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     Issue 14: March 2012 • Visit Mother Bear Project online at www.MotherBearProject.org
News from Mother Bear Project.

How You Can Help

Donations of postage stamps and tan and variegated worsted weight yarn are greatly needed and appreciated.

Mail to:

Mother Bear Project
P.O. Box 62188

Minneapolis, MN 55426


Mother Bear recipient
Mother Bear Lauren

Mother Bear recipient
Mother Bear Nancy

Mother Bear recipient
Mother Bear Emma

Mother Bear recipient
Mother Bear Joan

Mother Bear recipient
Mother Bear Jeanne

Mother Bear Recipient
Mother Bear Linda

Mother Bear recipient
Mother Bear Tedi

Mother Bear recipient
Mother Bear Mei





Featured Mother Bear: Sylvia Chu

The simple tasks in life can bring an individual great joy, but sometimes they can bring happiness and comfort to others, as well. Sylvia Chu had always found pleasure in crocheting and handicrafts, but when she came across Mother Bear Project, she realized that her passions could benefit others, especially children in need.

“In my heart, I am a farmer,” Chu said. “From my apartment in Vernon Hill, IL, I look out at a farmer’s fields and it gives me calm. Crocheting bears is a soul-satisfying project.”

Perhaps Chu learned to appreciate peaceful tasks and creating a gift with one’s own skilled hands from growing up on a farm in Little Swan, Minnesota. Back then, she was known as Sylvia Punkari (“We were probably the only family in Minnesota with that name.”).

“I probably learned to crochet watching my mother, but I can’t remember too well,” she said. “I used to knit, also, but crochet is faster for me.”

Now 91, Chu still describes herself as an “old Finnish Minnesota farmer.” She spends her days enjoying walks, reading, puzzles, and of course crocheting bears.

Handcrafting had been a hobby of Chu’s for decades, and she was always searching to do something worthwhile with her time, so when she read an article about Mother Bear Project in Ladies Home Journal, she was eager to become involved.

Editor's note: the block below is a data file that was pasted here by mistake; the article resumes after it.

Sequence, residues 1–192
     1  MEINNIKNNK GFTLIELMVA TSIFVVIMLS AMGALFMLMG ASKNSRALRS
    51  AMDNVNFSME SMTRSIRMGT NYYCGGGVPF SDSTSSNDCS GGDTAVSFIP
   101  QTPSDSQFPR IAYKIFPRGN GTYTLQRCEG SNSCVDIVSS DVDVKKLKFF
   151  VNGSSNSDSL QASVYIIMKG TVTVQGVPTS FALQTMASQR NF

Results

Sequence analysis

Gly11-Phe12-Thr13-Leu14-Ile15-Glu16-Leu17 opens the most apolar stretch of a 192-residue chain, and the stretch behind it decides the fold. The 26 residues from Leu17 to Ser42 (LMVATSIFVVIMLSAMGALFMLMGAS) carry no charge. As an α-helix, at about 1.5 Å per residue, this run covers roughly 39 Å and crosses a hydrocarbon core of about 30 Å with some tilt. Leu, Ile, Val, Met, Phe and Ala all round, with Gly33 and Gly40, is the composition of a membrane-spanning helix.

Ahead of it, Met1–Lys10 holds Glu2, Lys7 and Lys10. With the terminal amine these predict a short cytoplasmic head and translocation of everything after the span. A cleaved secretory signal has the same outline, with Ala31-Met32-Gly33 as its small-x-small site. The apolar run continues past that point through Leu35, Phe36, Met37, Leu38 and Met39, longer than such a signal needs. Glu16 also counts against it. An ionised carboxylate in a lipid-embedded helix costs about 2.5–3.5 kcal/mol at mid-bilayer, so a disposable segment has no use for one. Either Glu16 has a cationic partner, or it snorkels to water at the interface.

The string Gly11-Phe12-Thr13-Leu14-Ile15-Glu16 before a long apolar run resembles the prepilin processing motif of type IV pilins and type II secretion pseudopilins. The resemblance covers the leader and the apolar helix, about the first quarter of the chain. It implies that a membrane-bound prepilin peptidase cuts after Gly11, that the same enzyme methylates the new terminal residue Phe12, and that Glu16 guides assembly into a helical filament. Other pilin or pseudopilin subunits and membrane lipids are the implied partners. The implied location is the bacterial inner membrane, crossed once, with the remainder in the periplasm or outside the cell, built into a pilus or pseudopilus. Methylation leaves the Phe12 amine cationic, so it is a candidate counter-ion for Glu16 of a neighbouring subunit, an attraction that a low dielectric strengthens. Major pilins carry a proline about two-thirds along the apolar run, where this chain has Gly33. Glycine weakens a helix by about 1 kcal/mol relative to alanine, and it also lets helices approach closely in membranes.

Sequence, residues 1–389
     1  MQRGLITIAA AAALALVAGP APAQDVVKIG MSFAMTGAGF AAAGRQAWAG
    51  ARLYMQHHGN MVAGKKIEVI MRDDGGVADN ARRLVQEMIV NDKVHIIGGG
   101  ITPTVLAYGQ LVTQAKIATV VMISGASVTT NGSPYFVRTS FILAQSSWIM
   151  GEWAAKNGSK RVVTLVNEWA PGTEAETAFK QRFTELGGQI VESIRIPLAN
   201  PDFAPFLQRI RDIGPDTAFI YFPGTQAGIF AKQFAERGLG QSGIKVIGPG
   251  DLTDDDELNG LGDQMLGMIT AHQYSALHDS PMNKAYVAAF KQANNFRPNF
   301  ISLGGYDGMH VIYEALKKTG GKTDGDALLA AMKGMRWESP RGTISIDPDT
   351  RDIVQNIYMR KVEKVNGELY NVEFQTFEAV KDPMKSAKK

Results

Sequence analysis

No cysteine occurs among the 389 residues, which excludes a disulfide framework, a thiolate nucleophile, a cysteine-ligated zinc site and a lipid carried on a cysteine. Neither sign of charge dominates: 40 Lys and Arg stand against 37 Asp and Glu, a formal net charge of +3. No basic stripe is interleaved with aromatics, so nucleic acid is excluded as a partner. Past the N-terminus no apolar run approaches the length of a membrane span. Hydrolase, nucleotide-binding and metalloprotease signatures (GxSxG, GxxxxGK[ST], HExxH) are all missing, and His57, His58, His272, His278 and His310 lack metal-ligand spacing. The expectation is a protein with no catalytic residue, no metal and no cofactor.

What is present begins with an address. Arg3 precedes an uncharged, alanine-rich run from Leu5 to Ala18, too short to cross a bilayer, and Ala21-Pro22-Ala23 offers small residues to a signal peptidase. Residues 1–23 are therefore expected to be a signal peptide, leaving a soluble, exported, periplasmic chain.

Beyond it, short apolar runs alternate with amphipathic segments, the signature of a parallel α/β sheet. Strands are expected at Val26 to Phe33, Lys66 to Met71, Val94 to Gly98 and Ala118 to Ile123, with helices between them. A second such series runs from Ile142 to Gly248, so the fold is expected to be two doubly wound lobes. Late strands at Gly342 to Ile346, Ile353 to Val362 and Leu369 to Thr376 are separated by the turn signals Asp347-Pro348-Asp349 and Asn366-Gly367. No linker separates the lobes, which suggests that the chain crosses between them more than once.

Featured mother bear

“At this age it is easy to feel ‘useless’—a term I hear often from others. Being able to contribute in some fashion counteracts that,” Chu said.

Chu has certainly contributed more than her fair share of bears to the Mother Bear Project. She has already sent 124 bears to bring comfort to children through the Mother Bear Project. She believes that the organization is necessary to assure that the carefully crafted bears are delivered where needed.

“My hope is that each child can be aware that there is someone who cares about them.”

Amy's Corner


It is hard to believe that Mother Bear Project is entering its 9th year this month. I can recall the article that moved me to act—reading about the horrific problem of baby and child rape in South Africa due to the myth that this brutal act will cure a man of AIDS. It was at that moment when I chose to dedicate myself to providing comfort for so many whose lives have been devastated by the HIV/AIDS pandemic and when I decided to figure out how to knit so that I may give a bear to a child who has lost so much.

In 9 years 72,100 bears have been sent to 19 African countries and Haiti. I am so proud that today MBP is still doing the exact thing we set out to do—sending comfort and hope to these children affected by HIV/AIDS with an unconditional gift of love.

There is so much I love about Mother Bear Project. I love that it brings people of all faiths and all ages, from all over the world, together to do something for children that comes straight from the heart of each person. I love that this project has so much accountability, and that every bear is handled with care from the moment the yarn is cast on a needle or hook until it reaches the arms of a child.

I am humbled and filled with gratitude to all who make the bears, distribute them, sew on the hearts, and contribute to the high cost of shipping and storage.  I am touched by the efforts of so many who understand that every child needs comfort and that perhaps this gift of love means  much more than we will ever know. 

  Amy red flag

Group photo of children receiving bears from Mother Bear Project.

Group photo of bear recipients